Hillary Clinton aides once dismissed supporters of Bernie Sanders as “Sandernistas,” a mocking reference that conveyed their view of what early on they expected would be a marginal candidacy at best. But Sanders’s strong showing in the Iowa caucuses, coming to within two-tenths of a percentage point of Clinton, is essentially a tie. So now Team Hillary faces a decision: Do they go nuclear on the “Sandernistas,” assaulting Bernie with opposition research and negative ads? Or do they try for an approach that’s a bit less scorched earth?
Clinton is in the difficult position of needing to defeat Sanders without alienating his supporters, which the Iowa results suggest could be as much as half the Democratic electorate. Holding fire against an opponent is not something that comes naturally to the Clintons. “Leave no attack unanswered” is the mantra that carried Bill Clinton to the White House, and Hillary’s campaign is based on the premise that she’s had everything thrown against her and she’s still standing.
The real danger Clinton faces isn’t from Sanders, it’s from Team Hillary itself. If they go after Sanders the way they went after Barack Obama in 2008, it would be a massive, self-inflicted wound that could cost her the election, especially if the Republicans nominate a next-generation candidate like Marco Rubio. She can’t win in November without the Sandernistas.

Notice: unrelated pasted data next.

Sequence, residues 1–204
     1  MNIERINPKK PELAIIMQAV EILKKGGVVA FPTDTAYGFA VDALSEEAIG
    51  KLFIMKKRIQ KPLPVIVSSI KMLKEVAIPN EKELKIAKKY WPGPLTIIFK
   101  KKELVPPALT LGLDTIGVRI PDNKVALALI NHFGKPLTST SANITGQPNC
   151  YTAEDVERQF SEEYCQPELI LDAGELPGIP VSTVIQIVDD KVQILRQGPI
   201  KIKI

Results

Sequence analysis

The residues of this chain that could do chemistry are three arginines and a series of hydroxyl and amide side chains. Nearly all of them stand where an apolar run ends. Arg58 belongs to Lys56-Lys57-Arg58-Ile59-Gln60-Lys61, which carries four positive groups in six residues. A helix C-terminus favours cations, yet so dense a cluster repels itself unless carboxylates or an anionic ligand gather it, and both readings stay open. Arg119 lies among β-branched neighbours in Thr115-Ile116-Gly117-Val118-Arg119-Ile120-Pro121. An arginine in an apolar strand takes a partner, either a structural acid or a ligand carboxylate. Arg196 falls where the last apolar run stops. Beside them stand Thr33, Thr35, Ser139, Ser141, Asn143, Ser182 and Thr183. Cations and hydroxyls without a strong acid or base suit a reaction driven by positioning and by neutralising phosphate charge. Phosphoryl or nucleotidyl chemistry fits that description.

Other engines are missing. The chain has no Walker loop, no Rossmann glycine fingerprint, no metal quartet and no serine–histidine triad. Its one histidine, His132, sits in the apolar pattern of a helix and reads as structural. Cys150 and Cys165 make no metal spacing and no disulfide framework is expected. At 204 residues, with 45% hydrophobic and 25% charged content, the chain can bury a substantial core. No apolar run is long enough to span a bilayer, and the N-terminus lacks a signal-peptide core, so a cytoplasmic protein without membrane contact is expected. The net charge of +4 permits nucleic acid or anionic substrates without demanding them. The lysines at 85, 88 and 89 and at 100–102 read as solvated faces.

In an email before the results were in, David Axelrod, who headed the Obama team in ’08, said: “Win or lose, I would continue to drive the distinction between a pragmatic progressive and a well-intentioned gadfly, but I wouldn't savage a candidate who has won the affection, if not the support of a majority of Democrats.”
The temptation is to destroy Sanders as the Great Pretender, a backbencher in Congress for 26 years who is selling a bill of goods about a Revolution that won’t happen. But killing a dream is messy work, and with millennial voters turning out 9-to-1 for Sanders in Iowa, Clinton would put at risk the coalition she needs in the general election.
“I think she has to stay calm through this,” pollster Mark Penn, a veteran of past Clinton campaigns, wrote in an email. “She has made the case that he is not electable and that his proposals are pie in the sky—no reason for her to go beyond those arguments when she really needs to just pump up enthusiasm for her with a diverse Democratic electorate that really likes her.”
Counter to Sanders’s assertion that his strong showing in Iowa demonstrates his electability, Iowa is the mirror image of his home state of Vermont—liberal, rural and white. Nearly half (47%) in a Des Moines Register poll identified with the term socialist.
After the New Hampshire primaries—where polls show Sanders way ahead—the next two stops for the Democrats, Nevada and South Carolina, are much more diverse. If the Clintons are smart, they’ll keep their powder dry and wait for the firewall to hold. Most likely, South Carolina and Nevada will be Hillary’s. In any case, time is on her side.